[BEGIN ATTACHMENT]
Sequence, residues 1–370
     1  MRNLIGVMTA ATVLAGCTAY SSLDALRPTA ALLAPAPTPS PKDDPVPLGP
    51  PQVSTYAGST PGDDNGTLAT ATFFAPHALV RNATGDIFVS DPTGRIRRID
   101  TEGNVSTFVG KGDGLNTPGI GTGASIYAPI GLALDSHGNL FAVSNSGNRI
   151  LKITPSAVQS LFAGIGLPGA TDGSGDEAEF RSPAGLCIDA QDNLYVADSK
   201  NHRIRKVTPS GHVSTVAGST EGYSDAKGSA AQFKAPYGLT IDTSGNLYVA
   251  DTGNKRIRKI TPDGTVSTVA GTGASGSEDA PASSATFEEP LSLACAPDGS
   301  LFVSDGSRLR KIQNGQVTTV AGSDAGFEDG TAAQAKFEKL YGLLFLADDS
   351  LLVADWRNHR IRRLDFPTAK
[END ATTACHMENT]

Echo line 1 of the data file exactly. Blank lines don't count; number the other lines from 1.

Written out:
Sequence, residues 1–370